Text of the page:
At What Point, Should You Call Technical Support?

If you call technical support too soon, you will likely upset the manufacturer as you may ask obvious questions that you should have answered by reading the manual. However, if you wait too long, you could be burning tons of time for an issue that may be the manufacturer's fault (bug, poorly or undocumented issue, etc.).

On the one hand, I can sympathize with manufacturers who routinely complain about support calls that could easily be resolved by the tech spending a few minutes checking documentation. On the other hand, a lot of good techs take a macho but counterproductive approach of never calling tech support until they have exhausted all options over hours, if not days. Frequently, the solution is something that tech support can solve in a fraction of the time the tech took.

So how do you handle it? When you decide to call tech support?

"When you decide to call tech support?"

The optimal answer (IMO) is when you have a solid grasp of what's going on (and this could start a whole new topic on techs that don't understand fundamentals getting in over their head and expecting a tech support line to bail them out of what is really an install 101 issue).

So, call tech support when you are somewhere along the lines of having a problem that is reproducable, and where the "basics" have been covered (PC has been rebooted, failed software install was re-attempted at least once, wiring and connections were double checked, substitutions have been made where appropriate (eg: if the FIRST camera you are trying to bring up on a NEW LAN and a freshly installed PC is not working, try a 2nd camera before calling the first one "faulty" to see if the problem is happening across all cameras (so then, probably NOT an issue with any one specific camera), etc.).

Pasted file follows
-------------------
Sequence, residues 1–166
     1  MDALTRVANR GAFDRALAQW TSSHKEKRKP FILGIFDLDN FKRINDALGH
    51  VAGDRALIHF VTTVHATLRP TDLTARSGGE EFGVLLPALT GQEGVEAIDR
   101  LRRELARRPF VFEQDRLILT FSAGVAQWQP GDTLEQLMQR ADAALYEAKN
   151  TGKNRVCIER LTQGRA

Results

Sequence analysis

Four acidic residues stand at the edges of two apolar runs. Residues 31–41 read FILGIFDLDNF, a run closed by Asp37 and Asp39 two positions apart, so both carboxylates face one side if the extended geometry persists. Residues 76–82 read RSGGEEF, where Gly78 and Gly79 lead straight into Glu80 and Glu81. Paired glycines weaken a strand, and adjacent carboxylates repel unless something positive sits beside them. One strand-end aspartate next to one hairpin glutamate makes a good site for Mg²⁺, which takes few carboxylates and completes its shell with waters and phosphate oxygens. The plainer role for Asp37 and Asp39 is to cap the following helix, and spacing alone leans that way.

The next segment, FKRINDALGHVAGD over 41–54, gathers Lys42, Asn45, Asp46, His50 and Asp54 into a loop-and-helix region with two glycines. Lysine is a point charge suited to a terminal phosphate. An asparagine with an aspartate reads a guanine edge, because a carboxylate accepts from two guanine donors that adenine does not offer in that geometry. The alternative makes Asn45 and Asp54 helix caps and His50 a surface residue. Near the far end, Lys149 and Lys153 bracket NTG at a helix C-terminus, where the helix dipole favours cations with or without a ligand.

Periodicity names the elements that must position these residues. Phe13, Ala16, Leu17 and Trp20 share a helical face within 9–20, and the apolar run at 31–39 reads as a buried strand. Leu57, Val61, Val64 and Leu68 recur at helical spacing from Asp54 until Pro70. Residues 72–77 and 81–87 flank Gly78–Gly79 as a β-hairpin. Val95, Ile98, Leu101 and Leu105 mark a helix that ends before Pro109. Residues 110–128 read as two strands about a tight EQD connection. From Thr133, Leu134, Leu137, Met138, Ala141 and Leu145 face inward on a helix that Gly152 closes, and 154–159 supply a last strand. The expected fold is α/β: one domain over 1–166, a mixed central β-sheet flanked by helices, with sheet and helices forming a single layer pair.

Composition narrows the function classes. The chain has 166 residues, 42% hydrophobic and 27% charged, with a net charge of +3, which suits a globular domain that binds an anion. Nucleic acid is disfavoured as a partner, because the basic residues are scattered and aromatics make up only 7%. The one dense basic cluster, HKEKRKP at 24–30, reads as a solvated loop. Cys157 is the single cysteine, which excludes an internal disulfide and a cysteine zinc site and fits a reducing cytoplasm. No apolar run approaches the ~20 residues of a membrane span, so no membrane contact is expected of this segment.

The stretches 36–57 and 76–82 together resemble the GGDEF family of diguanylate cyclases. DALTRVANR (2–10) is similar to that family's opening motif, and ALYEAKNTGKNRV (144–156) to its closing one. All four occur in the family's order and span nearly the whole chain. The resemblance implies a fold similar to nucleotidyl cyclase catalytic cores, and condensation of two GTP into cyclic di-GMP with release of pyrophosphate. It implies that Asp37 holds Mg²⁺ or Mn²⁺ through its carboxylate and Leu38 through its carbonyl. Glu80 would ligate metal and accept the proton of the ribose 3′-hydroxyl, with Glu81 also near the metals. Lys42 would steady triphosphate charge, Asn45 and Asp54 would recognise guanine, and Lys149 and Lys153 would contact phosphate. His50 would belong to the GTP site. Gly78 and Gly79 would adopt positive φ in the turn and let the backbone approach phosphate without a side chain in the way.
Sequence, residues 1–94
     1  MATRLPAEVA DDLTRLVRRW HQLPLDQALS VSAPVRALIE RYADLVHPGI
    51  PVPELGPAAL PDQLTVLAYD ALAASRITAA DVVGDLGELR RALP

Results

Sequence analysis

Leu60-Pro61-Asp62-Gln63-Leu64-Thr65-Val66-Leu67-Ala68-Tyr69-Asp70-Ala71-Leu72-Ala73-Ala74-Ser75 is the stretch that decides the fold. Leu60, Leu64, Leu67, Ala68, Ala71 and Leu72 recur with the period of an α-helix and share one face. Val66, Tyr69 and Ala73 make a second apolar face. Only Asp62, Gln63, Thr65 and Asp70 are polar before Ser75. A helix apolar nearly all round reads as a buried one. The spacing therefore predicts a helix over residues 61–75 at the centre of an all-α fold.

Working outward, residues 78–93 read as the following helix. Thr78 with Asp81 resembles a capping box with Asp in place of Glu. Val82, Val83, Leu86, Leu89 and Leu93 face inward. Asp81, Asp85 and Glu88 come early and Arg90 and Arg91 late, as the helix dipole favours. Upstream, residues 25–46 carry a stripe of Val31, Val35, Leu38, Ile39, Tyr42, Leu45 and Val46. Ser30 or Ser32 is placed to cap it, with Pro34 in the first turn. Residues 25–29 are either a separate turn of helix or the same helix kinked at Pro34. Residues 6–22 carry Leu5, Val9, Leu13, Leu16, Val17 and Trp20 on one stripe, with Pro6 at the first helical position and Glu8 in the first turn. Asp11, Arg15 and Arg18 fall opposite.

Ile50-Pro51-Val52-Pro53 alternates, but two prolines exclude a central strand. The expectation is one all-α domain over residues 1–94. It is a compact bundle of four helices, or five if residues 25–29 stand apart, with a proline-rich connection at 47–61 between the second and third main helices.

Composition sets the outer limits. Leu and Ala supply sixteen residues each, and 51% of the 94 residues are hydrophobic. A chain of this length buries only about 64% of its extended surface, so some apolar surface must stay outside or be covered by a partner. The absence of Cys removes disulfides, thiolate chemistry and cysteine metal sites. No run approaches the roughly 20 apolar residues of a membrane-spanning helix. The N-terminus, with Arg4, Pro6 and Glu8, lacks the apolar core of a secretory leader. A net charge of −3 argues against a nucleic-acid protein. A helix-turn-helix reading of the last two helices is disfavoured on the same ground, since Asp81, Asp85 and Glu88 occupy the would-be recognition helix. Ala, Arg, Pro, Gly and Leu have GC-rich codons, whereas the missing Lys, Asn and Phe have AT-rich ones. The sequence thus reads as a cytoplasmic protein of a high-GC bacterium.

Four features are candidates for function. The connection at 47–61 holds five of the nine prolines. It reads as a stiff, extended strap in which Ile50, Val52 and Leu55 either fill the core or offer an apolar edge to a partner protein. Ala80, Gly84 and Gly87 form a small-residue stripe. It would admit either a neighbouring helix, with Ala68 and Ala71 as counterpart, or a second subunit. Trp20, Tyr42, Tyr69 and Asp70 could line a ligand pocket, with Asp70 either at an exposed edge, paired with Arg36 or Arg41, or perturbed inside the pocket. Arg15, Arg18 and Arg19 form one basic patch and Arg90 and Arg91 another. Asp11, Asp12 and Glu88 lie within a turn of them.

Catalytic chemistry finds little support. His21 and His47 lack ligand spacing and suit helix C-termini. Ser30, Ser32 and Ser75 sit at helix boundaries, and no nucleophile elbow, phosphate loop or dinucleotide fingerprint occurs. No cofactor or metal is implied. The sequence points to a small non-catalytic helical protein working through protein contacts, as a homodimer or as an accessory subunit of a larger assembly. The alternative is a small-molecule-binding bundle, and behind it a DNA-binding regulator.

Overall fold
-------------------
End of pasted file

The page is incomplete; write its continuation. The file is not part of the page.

Basically, everything is most efficient when the tech calls up support and you don't have to cover the basics or obvious stuff, and there is enough data to ensure that you are most likely troubleshooting the right components and not chasing a false issue).

I'm sure this will be a good discussion though.

It depends on whether I'm the one making the call, or taking it ;)

If the problem has no explanation I can find though I believe firmly it should work based on my knowledge and experiance, I'll give documentation a cursory look and then I'll call support. If it's something more out of my experiance or expertise, I feel obliged to more thoroughly check documentation first. But if the problem is a basic operation one and is a single sentance buried on page 97 of the manual and runs counter-intuitive to the way I, or 90% of the rest of the world would expect, then I don't feel bad about "bothering" support.

Perfect example, a single port ethernet extender we used for the first time last yeat that is PoE powered, and passes through the PoE power. We tried using it to make a switch hub-to-switch hub conneciton, but apparently it doesn't work unless there is an actual PoE load on the other end, like a PoE powered camera. Turns out they did have something in small print about it on the website, but it was small print (they've since made it bigger) and it runs totally counter to how I and many others I think would expect for it to work. So I did not feel bad about calling tech support on that one.